Her role is to be the spokesperson for the President, and that is why I do not expect from her to have any opinions that deviate from the official stand of this administration. Clearly, she is comfortable with her job and the statements she is making. That’s her choice.

You said partly what motivated you to live stream the briefing last summer was having witnessed first-hand life under a dictatorship.
The things I have survived in my life, protests, and clashes with the police cordons against Milosevic, living three months in shelters without food, electricity and running water, made me the person I am today. I do not break under pressure and I do not accept any kind of censorship. There’s zero chance that I will cave in, join the flock. I stand for press freedoms, that’s what I have been doing since the first protest against Milosevic’s suppression of free media I went to back in the [1990s]. That was dangerous and I lived in a system where the lives of people were on the line. That’s why I don’t break under pressure, and that’s why you will always find me on the front lines of defense of the First Amendment.

Isn’t it rather ironic that Melania Trump, who is also from former Yugoslavia, grew up during those times of nationalistic rhetoric that created ethnic and religious divisions that eventually split that country apart in a very violent way. If you could interview Melania is this something you would ask her?
Melania escaped former Yugoslavia in search of the better life. But the First Lady is by her choice silent and not at all political. I actually think due to the shared experience of living in former Yugoslavia, I could interview Melania in a way that could tell the real story about her. I think that she has the story to tell, the immigrant story, but that because of her husband’s hard stand on immigration she is not able to reveal her true self. I think that Melania has experienced a fair share of hardship [and] no one who emigrated to America had it easy.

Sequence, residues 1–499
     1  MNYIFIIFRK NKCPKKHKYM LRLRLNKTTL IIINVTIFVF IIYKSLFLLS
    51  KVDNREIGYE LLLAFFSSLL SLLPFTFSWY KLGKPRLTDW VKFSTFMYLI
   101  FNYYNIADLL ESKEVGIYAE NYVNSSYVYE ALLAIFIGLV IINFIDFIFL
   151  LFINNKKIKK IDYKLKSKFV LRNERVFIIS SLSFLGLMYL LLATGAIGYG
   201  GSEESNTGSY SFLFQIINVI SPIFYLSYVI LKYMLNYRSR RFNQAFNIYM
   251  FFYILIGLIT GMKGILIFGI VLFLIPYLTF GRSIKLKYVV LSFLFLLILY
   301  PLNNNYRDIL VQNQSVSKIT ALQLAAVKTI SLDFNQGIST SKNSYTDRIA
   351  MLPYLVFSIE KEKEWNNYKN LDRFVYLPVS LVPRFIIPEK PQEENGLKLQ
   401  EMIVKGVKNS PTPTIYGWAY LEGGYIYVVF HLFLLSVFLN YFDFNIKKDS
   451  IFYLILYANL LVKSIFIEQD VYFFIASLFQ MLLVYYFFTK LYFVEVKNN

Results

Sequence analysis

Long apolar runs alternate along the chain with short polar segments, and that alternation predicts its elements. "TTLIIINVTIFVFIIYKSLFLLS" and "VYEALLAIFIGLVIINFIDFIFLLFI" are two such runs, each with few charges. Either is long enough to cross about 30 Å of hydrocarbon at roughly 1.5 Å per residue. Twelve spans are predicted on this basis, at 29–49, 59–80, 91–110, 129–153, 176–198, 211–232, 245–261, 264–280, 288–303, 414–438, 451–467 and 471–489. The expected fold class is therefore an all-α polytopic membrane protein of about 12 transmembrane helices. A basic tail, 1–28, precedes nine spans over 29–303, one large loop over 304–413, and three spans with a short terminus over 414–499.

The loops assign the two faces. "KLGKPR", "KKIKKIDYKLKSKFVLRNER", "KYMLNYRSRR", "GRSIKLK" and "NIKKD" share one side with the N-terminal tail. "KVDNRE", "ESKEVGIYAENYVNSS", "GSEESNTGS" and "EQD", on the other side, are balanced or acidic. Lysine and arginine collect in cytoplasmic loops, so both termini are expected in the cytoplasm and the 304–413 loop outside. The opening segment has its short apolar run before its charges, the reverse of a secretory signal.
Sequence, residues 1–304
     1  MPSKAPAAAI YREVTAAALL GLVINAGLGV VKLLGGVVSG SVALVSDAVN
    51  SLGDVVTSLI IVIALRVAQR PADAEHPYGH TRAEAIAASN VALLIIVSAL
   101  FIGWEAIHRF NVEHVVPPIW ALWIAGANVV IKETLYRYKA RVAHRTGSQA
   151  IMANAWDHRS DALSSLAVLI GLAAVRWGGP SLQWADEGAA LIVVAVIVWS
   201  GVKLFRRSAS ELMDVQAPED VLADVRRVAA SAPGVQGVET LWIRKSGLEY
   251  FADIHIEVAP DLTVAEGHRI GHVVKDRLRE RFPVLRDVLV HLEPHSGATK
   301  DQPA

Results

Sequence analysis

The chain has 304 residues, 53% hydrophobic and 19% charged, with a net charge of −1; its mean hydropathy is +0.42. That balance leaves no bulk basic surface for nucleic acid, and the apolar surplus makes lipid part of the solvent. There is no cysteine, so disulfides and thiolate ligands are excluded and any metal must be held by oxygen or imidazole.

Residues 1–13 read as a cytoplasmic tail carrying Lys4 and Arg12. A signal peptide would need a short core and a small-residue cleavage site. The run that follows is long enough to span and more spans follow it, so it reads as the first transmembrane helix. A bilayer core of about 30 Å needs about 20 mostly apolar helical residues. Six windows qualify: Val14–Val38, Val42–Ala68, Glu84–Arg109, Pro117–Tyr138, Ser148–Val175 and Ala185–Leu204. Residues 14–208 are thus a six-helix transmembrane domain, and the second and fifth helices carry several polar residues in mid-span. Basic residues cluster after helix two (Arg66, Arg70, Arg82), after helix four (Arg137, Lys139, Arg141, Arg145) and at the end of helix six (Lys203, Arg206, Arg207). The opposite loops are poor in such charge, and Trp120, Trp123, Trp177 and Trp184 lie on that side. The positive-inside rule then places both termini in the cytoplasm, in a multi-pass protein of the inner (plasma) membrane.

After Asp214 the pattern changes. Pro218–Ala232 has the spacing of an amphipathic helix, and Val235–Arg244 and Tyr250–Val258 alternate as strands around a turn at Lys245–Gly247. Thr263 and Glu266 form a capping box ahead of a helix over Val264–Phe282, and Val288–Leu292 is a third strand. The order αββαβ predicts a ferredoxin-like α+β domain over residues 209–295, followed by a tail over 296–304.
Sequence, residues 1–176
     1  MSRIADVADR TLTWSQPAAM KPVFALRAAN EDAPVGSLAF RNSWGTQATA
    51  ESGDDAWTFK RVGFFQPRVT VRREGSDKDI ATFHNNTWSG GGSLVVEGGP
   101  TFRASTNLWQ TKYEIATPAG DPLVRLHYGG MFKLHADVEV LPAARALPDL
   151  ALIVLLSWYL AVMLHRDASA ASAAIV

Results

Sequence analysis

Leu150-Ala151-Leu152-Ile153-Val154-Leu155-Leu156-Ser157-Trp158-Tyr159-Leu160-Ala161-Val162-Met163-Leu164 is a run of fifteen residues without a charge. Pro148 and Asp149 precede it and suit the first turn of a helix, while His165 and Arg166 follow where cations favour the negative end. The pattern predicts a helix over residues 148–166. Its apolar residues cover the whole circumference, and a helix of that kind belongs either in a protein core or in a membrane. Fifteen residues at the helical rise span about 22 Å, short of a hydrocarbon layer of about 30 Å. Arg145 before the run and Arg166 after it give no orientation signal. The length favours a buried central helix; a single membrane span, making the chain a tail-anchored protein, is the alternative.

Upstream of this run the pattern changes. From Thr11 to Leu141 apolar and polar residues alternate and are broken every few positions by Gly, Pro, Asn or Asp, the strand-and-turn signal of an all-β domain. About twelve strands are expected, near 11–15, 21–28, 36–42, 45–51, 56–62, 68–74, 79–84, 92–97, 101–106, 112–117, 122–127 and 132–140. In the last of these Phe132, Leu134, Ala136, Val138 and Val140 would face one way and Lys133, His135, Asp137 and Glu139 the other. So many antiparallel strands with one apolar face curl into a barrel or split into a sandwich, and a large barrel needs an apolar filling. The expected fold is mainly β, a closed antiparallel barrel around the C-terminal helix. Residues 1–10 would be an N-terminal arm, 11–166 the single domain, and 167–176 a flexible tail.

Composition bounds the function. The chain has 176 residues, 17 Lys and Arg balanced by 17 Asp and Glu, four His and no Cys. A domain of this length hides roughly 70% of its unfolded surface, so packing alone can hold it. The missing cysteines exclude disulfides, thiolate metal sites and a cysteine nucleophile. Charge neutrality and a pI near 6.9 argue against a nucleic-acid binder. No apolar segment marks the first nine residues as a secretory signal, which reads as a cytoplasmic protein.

Ana Brnabic, an openly gay woman, is currently Serbia’s prime minister. While some people hailed this as a progressive step for the country, others claimed she is just a puppet for hard-line President Aleksandar Vucic. Is she a positive role model not only for Serbian women but also for gay women across the globe?
On paper, Ana Brnabic is a positive role model, given that she is the first female PM in Serbia. However, I do not think that she is using her platform. She gives no voice to women [and] she gives no voice to important issues. She does not make any noise. Throughout history, Serbian presidents never wanted to have a strong PM, but rather someone who they can easily manage. I think that she is placed there for the purpose of the optics. There is nothing extraordinary about her. She is not a leader, but then, she was not placed in such role to be one.


Ginanne Brownell Mitic


Photos: 1) Ksenija Pavlovic (courtesy Ksenija Pavlovic); 2) Sarah Huckabee Sanders, Shutterstock; 3) Melania Trump, Shutterstock